Bloodrayne movie review Review Score: 23% Released: 2005 Review Date: July 27th, 2010 Director: Sadly, Uwe Boll Budget: $25 million Gross Revenue: $3.65 million Add this movie to Uwe Boll’s growing list of hack-jobs. If I could only ask one question about this movie, and trust me there are so many I would like to ask, it would be: how did so many recognizable actors and actresses sign on for this rancid crap? I mean, think about it, they each read the script and thought, “Yep, I’m not missing this one.” The cast includes a wig-wearing Michael Madsen (a grandiose mis-cast), Michelle Rodriguez (Blue Crush, S.W.A.T.), Billy Zane (The Mummy, Blood Diamond), Matthew Davis (Legally Blonde, Blue Crush), and…wait for it…wait for it…Oscar-winner Sir Ben Kingsley. What?! He should have horse-whipped his agent for this one. The acting is almost wholly embarrassing, bordering on “is this a joke,” and the casting was hideously done. The actors and actresses are on different wavelengths throughout, and never even come within a hair’s breadth of creating some chemistry. Other than a few obligatory game tie-ins, you would never connect the two if you weren’t told one was based upon the other. If I had to come up with one positive thing to say about this movie, I suppose some of the CGI was well done, namely the facial animations. Let’s let some numbers do the talking: this film grossed $3.65 million at the box office, on a budget of $25 million. I think an 82% loss qualifies it as a behemoth commercial failure. The sequel, Bloodrayne II: Deliverance, was created in 2007 and not surprisingly went straight to DVD (and no, I wouldn’t dream of watching it).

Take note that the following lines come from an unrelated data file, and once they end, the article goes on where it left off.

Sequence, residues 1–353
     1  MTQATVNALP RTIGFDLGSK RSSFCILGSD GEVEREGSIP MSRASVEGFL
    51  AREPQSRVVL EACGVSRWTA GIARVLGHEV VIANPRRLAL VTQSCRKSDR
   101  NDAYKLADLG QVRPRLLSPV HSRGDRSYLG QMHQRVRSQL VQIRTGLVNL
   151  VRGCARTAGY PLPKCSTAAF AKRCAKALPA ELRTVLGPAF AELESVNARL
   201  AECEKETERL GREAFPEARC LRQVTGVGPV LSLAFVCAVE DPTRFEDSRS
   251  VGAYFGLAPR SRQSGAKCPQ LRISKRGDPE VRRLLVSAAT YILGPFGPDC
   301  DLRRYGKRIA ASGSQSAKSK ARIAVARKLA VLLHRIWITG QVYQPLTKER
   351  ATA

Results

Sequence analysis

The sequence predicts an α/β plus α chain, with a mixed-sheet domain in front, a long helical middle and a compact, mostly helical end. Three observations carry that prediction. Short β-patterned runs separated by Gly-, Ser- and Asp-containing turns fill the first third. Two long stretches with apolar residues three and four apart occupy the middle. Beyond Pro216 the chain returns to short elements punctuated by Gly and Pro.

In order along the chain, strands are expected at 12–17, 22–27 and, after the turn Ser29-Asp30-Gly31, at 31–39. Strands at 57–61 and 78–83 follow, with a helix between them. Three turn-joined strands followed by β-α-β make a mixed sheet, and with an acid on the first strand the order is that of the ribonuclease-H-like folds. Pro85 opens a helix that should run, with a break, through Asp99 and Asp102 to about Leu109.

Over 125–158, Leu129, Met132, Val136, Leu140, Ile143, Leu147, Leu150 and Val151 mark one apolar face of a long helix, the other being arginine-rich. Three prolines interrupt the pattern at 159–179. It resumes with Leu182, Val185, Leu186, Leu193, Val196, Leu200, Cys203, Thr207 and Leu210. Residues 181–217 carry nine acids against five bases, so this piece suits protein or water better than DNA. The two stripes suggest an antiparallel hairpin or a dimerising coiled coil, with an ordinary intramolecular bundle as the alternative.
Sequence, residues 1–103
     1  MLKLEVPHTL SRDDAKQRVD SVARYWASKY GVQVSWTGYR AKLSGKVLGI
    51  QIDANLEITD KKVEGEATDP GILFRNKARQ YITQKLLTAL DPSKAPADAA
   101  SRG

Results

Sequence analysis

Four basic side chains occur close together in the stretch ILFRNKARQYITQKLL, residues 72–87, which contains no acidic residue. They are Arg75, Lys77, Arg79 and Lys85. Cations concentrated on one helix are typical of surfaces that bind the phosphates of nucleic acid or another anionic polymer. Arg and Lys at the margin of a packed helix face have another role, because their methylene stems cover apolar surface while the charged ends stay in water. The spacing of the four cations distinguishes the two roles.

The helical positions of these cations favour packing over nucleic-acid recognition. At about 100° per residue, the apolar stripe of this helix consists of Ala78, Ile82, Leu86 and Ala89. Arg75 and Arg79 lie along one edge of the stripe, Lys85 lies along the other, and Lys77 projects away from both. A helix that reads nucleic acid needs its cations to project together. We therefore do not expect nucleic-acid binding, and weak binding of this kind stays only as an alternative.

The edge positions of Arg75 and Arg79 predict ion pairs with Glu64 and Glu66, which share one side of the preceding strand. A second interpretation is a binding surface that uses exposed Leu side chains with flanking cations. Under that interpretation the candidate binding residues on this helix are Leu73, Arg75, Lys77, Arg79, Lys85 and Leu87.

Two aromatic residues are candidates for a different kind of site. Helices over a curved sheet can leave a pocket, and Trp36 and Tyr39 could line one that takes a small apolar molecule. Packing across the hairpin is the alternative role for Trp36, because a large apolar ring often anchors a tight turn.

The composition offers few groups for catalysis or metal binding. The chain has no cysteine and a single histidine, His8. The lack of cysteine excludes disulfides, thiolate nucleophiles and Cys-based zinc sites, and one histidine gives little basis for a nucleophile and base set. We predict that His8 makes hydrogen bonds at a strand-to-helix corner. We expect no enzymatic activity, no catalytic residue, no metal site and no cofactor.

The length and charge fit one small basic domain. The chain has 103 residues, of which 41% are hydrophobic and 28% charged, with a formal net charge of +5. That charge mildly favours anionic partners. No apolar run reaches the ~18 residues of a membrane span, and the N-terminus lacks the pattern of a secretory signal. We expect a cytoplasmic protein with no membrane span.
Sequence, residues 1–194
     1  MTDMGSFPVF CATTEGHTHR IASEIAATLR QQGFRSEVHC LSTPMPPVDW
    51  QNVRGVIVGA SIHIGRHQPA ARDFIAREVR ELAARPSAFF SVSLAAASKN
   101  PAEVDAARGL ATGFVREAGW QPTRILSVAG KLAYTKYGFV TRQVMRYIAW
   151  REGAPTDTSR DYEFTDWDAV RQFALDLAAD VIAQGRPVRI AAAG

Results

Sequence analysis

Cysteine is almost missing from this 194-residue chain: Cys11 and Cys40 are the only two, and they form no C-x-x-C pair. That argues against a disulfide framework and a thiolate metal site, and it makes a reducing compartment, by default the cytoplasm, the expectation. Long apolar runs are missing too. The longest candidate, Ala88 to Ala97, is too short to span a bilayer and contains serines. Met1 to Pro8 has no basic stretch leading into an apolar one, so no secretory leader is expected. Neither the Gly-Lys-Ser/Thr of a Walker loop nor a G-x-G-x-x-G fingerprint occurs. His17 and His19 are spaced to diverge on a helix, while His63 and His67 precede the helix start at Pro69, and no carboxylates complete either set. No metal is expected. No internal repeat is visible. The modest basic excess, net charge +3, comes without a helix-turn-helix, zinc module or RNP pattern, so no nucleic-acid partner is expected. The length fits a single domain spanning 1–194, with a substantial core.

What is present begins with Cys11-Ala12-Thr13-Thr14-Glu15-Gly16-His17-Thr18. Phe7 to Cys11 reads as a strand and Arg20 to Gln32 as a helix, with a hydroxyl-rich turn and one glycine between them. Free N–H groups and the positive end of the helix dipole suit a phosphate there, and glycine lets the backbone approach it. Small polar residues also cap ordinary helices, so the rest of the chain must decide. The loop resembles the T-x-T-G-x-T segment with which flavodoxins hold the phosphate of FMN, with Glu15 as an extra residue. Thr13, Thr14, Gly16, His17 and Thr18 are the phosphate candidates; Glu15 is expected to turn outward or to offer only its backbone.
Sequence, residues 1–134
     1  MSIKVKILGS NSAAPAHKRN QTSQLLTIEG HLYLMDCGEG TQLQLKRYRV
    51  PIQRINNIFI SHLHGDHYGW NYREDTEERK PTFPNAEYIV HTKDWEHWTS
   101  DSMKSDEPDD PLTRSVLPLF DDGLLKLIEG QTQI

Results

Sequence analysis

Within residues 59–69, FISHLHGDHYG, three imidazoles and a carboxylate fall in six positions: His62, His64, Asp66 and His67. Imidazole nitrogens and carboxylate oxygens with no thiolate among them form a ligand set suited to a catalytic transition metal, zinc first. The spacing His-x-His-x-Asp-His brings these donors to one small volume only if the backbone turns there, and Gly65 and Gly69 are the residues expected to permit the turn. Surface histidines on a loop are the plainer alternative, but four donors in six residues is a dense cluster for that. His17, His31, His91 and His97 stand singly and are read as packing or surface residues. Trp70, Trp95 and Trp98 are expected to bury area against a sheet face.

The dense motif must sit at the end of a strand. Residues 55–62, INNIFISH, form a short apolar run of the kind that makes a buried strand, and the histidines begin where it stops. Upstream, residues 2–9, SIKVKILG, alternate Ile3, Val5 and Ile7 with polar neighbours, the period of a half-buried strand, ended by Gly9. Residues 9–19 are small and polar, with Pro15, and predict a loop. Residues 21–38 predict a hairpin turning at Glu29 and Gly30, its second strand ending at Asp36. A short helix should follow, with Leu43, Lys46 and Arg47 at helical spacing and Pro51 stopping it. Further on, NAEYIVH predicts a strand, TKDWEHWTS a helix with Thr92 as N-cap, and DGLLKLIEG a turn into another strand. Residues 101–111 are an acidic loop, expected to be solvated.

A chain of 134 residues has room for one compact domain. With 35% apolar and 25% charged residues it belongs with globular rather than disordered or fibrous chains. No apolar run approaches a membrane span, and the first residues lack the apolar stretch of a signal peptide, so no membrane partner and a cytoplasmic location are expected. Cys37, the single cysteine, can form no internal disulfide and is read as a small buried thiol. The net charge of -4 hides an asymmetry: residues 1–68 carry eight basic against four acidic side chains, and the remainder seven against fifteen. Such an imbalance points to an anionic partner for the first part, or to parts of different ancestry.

Far Cry movie review Review Score: 76% Released: 2008 Review Date: August 2nd, 2010 Director: Sadly, Uwe Boll Budget: $30 million Gross Revenue: approx. $850 thousand I’m going to assume you have at least a rudimentary knowledge of the Far Cry game as I review this movie. With that said, the main cast members are German, complete with thick accents. The reason this makes absolutely no sense is because it’s incongruous with the actual game, upon which the movie is based. Make sense? It’s tantamount to producing a movie based upon the Resident Evil series, but with characters who have thick Australian accents. Huh? But, the game was created by a German company (Crytek), so I’ll cut them some slack. If you can get past that, this movie is, believe it or not, bearable to watch. Nothing in this movie stands out as unique or memorable, and it is fairly hackneyed in what it tries to accomplish. As I said, it’s bearable. Jack Carver, the protagonist, is a laid-back ex-Special Forces soldier who now prefers the simple life, working as a boat charter captain. Valerie, the female reporter, is a optimistic and maybe a bit naive. Dr. Krueger is portrayed as an evil bio-engineer, devoid of morals and singularly focused on military contracts. So, it’s fair to say the three main characters are similar to what you witness within the game. The plot does depart from the game, however, as in the movie Valerie hires Jack to help her find her missing uncle (where’d that come from?) in a military-grade complex in the Pacific Northwest (not the island tropics as in the game), where they discover Dr. Krueger creating genetically-modified super soldiers (not entirely unlike the game). Plenty of run-of-the-mill action, a couple familiar faces, and a boat-load of gore are the lifeblood of this flick. Far Cry went straight to DVD (shocking, right?), but if you’re a fan of the original game, you’ll probably find some redeeming entertainment value.